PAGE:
Complicated doesn't even begin to describe this movie from Nancy Meyers, where Meryl Streep is stuck in a love triangle between her ex-husband (Alec Baldwin) and her new architect (Steve Martin). While you might get mad at Streep for her choices, — don't worry, she's aware, and, for the most part, agrees — her kitchen is something you'll never get mad at. Seriously, it's a work of art.
Director Jerusha Hess brings you to a land straight out of a Jane Austen novel — quite literally, since Austenland is a theme park for Austen enthusiasts. It's here that Keri Russell's Jane is looking for a Darcy of her own. She wants to make her fantasy a reality, but she soon realizes that life is stranger than fiction and that isn't a bad thing.
'Bend It Like Beckham' (2002)
Sure, this movie is about one girl's love of soccer, but it's really about her love for her family. Jess Bhamra (Parminder Nagra) is trying to find herself while also trying not to disrespect her strict Indian parents. This culture-shock rom-com looks at how hard it is to balance the two. (Spoiler alert: it's as hard as learning to bend it like David Beckham.)
'Me And You And Everyone We Know' (2005)
For all those indie film lovers out there, Miranda July made a rom-com that is as twee as she is. That might be a lot for some people, but just try not to fall in love with July's dance-loving eldercare-driving Christine as she falls for a recently divorced shoe salesman, played by John Hawkes. It's so precious it just might break your heart.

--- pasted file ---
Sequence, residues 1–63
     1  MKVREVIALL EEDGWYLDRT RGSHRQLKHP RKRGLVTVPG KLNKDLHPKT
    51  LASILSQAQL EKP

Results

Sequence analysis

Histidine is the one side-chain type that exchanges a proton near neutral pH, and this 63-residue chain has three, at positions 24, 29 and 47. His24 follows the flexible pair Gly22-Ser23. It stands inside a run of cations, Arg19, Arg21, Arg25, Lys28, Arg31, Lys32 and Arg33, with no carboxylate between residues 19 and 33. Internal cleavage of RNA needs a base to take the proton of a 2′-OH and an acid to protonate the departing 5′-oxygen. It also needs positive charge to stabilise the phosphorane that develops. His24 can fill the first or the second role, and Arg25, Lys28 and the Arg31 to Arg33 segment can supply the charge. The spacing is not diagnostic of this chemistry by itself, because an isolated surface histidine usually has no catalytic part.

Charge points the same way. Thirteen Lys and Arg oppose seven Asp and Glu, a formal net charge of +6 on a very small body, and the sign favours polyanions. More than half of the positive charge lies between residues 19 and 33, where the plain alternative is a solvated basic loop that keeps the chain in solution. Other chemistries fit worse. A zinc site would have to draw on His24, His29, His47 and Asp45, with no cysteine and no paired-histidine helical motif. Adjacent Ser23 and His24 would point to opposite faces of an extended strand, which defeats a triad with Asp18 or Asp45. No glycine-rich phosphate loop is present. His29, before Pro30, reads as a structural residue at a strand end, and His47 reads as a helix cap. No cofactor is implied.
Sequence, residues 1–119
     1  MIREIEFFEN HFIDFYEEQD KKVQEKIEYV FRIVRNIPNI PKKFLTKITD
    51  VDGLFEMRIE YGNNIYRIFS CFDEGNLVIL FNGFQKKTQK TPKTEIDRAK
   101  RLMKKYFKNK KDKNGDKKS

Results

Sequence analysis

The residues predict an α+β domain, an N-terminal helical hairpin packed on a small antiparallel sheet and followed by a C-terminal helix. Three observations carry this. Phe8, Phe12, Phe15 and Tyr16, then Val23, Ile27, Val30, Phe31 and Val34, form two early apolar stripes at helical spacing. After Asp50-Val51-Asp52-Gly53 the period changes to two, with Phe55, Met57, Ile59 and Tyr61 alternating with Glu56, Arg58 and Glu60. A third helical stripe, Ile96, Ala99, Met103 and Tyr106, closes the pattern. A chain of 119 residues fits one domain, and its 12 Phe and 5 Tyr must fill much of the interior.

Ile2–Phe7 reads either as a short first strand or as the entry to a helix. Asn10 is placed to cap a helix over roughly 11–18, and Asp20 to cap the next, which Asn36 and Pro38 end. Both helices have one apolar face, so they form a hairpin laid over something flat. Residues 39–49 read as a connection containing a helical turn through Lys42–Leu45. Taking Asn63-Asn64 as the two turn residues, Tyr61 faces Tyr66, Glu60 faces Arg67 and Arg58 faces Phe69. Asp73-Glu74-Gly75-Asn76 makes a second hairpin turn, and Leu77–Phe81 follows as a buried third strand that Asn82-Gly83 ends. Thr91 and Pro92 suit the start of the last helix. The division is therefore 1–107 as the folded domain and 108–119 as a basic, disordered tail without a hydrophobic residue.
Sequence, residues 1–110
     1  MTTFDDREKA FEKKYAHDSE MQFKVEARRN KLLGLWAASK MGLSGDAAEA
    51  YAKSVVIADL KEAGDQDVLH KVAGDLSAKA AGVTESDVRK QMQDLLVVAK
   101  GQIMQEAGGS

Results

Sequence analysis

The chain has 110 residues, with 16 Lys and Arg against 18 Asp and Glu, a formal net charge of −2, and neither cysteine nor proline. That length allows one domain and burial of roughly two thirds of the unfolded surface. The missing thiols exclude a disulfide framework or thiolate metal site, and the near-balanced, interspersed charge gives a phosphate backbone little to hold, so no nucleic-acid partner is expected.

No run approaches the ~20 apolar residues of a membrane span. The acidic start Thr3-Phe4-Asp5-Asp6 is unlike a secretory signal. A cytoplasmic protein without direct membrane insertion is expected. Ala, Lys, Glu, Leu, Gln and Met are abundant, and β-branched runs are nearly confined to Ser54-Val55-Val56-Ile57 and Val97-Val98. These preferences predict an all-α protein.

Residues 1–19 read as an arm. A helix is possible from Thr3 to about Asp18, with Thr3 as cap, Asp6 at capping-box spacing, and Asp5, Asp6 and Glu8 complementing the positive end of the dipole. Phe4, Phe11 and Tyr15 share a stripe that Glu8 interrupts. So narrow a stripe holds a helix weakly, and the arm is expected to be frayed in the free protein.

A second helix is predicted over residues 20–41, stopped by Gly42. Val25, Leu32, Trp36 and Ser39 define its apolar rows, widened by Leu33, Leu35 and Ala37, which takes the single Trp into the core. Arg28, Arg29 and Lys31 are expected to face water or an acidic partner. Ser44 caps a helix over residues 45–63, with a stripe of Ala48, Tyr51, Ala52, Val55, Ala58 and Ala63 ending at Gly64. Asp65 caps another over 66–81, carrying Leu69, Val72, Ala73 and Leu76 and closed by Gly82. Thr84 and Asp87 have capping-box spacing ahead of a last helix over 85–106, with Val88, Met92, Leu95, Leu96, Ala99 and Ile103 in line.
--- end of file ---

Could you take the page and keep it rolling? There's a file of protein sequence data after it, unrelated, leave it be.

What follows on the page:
'Sleeping With Other People' (2015)
raunchier take on When Harry Met Sally , directed by Leslye Headland, looks at Laney (Alison Brie) and Jake (Jason Sudeikis), who first slept together when they were in college. Years later, when they meet again, it's obvious they should start doing it again. Well, it's obvious to everyone but them, which is what makes their love story just the right amount of infuriating.
This movie hits all the right notes by focusing on the love these women have of music. Sure, Beca's (Anna Kendrick) crush on Jesse (Skylar Austin) is sweet, but it's a B storyline. The real story is how the Barden Bellas learn to work together as an aca-amazing family.
Can you have a list of rom-coms made by women without this movie from Kristen Wiig and Annie Mumolo? Definitely not, since it started a resurgence of women-driven comedies, for better or, in
some cases, worse. The film looks at the love between friends who are in different stages of their lives. But this movie makes it OK to laugh at the silly things we do — including pooping in a sink.
Tiffany Haddish isn't the only reason to take a trip with the Flossy Posse. The rom-com, written by Tracy Oliver and Kenya Barris, is a wild romp that isn't afraid to get real about the kind of conversations women have with one another about sex. Seriously, if you didn't
know what grapefruiting was, you sure do now. And what's also obvious from the success of is that we need more films like it. Girls Trip
These rom-coms made by women for women have an audience that is looking to see smarter, sweeter, and more feminist movies. It's about time Hollywood started listening.